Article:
As Russia escalates Syria bombing, the 1980s war that killed 15,000 Soviet soldiers weighs heavy on the minds of many.
Moscow, Russia – Alexander Sokolov proudly showed black-and-white pictures of himself snapped more than 30 years ago at a Soviet military base outside Kabul, the Afghan capital, where he served as a communications officer.
Sokolov said he thinks the USSR left Afghanistan undefeated after the 1979-1989 invasion, because the pro-Moscow government held on for three more years before the country slid into a devastating civil war.
The 1991 Soviet collapse appeared to have brought an end to Moscow’s superpower ambitions in the Muslim world. But when it comes to summarising the impact of the invasion on his generation, the gaunt, gray-haired 54-year-old grows serious and sad.
The invasion of Afghanistan claimed the lives of at least 15,000 Soviet soldiers, mostly conscripts in their late teens or early 20s, and left tens of thousands wounded and psychologically traumatised.
More than a quarter century after the withdrawal of Soviet troops, almost four-fifths of Russians await another Afghanistan – this time in Syria.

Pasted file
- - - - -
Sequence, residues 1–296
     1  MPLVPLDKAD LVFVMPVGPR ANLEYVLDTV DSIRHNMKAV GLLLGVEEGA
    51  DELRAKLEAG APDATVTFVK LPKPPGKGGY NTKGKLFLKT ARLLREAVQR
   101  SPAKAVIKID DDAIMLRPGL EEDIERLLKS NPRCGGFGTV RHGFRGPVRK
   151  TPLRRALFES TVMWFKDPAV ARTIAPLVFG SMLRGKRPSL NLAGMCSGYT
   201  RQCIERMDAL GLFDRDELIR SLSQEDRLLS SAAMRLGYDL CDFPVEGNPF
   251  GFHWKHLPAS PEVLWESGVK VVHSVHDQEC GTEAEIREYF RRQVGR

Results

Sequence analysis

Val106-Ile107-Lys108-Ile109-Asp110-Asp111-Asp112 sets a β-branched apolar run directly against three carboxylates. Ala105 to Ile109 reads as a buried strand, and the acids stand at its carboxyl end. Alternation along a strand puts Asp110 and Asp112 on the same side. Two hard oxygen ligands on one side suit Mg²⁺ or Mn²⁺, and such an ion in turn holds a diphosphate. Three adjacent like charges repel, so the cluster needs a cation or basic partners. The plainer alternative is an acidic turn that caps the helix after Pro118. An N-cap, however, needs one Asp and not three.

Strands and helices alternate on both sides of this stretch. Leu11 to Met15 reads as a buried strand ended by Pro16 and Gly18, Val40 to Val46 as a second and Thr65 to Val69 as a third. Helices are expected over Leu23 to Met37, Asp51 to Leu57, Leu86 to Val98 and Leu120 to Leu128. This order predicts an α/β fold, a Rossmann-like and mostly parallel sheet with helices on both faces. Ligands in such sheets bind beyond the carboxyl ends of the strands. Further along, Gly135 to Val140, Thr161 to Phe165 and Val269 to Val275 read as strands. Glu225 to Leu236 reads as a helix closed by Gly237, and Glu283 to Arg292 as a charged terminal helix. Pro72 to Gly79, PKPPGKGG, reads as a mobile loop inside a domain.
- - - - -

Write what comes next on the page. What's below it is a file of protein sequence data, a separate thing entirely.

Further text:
Just days after Russia deployed its fighter jets to bomb President Bashar al-Assad’s foes, 78 percent of Russians said Moscow’s new military campaign will turn into a “second Afghanistan”, according to a survey by independent pollster Levada Center released in early October.
The Levada poll showed, however, that 72 percent of Russians were positive about the air strikes – mostly because Kremlin-controlled media triumphantly cover the raids and even end weather forecasts with reports on bombing conditions in Syria.
Ramzan Kadyrov, Chechnya’s Kremlin-backed strongman and one of Russia’s most outspoken politicians, pledged to lead Chechen special forces in a ground operation to fight the “devilish” Islamic State of Iraq and the Levant (ISIL) – if only President Vladimir Putin orders him to do so.
Source: Al Jazeera